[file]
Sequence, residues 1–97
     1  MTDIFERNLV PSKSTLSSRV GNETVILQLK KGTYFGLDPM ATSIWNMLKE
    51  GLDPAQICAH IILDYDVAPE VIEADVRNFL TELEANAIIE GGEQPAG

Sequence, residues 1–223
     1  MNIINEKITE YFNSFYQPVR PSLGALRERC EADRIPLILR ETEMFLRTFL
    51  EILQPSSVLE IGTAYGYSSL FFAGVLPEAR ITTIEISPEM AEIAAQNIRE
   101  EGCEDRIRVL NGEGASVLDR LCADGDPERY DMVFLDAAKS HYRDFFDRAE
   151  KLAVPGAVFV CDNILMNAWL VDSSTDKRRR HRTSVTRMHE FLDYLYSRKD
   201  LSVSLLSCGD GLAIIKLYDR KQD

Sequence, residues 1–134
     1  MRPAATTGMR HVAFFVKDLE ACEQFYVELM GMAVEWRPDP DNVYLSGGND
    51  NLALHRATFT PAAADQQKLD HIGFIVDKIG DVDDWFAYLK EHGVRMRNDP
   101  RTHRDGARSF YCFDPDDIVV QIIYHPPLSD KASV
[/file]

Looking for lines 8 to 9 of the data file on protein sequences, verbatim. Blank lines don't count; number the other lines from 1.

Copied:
   151  KLAVPGAVFV CDNILMNAWL VDSSTDKRRR HRTSVTRMHE FLDYLYSRKD
   201  LSVSLLSCGD GLAIIKLYDR KQD